Sex Roles [sers] pp435-sers-370083 March 7, 2002 19:22 Style ﬁle version Nov. 19th, 1999
Sex Roles, Vol. 45, Nos. 7/8, October 2001 (
For Crying Out Loud—The Differences
Persist into the ’90s
William K. Lombardo, Gary A. Cretser,
and Scott C. Roesch
California State Polytechnic University, Pomona
The relation of gender to crying was investigated over a 15-year interval.
The 1996 sample was composed of 523 undergraduates (293 females and
230 males). Forty percent of the sample described themselves as Asian, 32%
Anglo, 19% Hispanic, and 7% African American. There were extreme sim-
ilarities between the 1981 and 1996 samples in terms of reported frequency
and intensity of crying and the gender patterning of crying behavior across
stimulus situations. In the later sample, gender role orientation (as measured
by the BSRI) was found to be associated with crying. Neither ethnicity nor so-
cioeconomic status was signiﬁcantly related to any of the variables examined.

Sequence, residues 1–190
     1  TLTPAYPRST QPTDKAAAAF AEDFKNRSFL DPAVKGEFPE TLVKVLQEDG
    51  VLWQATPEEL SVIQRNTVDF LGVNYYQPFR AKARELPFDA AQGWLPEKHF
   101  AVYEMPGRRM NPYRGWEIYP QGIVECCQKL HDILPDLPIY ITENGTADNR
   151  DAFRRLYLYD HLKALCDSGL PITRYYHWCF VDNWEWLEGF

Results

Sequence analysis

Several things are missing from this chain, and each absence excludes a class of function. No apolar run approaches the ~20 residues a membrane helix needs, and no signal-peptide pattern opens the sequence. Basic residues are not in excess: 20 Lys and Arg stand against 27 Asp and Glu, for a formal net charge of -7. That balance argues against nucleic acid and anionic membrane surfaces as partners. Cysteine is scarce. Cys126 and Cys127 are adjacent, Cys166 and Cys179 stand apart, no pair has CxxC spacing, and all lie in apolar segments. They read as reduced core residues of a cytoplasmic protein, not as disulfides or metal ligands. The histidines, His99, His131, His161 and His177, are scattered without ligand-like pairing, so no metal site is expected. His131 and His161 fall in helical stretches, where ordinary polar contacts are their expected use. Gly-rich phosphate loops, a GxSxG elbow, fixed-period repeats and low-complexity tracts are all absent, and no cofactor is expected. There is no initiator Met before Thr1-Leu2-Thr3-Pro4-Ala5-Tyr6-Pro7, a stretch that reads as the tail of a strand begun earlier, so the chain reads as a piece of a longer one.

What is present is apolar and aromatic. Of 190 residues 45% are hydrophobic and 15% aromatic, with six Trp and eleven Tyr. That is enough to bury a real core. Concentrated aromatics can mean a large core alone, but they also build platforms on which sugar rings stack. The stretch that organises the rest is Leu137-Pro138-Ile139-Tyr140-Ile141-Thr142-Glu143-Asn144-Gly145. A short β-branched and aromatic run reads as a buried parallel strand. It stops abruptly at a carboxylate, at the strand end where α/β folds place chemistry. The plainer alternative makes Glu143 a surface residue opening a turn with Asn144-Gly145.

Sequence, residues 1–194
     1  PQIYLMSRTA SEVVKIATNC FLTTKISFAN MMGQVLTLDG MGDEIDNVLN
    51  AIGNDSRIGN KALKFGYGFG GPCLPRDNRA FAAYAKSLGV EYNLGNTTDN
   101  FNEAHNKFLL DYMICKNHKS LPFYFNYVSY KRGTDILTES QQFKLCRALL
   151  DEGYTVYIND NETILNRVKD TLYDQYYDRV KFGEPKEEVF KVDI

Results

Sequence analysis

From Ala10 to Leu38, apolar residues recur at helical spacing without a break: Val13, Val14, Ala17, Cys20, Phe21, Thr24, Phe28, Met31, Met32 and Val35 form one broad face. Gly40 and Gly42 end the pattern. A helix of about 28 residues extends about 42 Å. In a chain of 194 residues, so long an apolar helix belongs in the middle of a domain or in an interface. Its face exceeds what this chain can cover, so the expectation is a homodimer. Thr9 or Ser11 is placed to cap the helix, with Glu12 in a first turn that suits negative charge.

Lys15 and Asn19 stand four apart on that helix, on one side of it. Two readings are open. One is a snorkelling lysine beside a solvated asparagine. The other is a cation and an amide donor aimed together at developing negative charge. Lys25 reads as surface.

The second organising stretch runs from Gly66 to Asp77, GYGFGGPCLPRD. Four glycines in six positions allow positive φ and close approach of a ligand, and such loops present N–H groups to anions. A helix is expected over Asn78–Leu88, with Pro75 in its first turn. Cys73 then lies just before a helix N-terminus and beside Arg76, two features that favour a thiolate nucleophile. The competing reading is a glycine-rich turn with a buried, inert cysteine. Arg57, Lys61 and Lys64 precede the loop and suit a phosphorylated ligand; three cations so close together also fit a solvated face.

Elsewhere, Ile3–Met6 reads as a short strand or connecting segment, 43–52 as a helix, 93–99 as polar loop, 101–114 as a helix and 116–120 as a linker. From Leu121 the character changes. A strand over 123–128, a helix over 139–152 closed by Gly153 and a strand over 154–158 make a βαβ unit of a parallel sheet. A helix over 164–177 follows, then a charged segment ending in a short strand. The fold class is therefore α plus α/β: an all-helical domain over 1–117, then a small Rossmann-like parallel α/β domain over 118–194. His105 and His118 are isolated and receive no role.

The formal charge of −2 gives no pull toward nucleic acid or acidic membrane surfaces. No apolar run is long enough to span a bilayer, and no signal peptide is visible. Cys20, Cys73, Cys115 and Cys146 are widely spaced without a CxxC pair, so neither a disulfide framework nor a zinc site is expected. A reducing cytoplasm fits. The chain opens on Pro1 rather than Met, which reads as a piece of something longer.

It may be that crying has not been signiﬁcantly affected by changing gender
role expectations in the last 15 years.
KEY WORDS: emotion; crying; gender; androgyny.
In the last decade it has been commonly noted that there have been sig-
niﬁcant changes in gender role stereotypes, expectations, and behaviors. It
is well documented that women have moved into the workplace and men
have turned toward more involvement in fatherhood and family. For exam-
ple, Tavris notes (1999, p. 3) “men’s participation in household chores and
childcare has been rising steadily, as shown both in community surveys and
family studies (Barnett & Rivers, 1996; Coontz, 1997; Stacey, 1996).” Tavris
was moved to ask recently (1999, p. 4), “why, in spite of incontrovertible
evidence about the rapid changes in gender roles and behavior, do so many
people like to think the sexes are opposite and unchanging?”
To whom correspondence should be addressed at Behavioral Sciences Department, California
State Polytechnic University, Pomona, 3801 West Temple Avenue, Pomona, California 91768;
2002 Plenum Publishing Corporation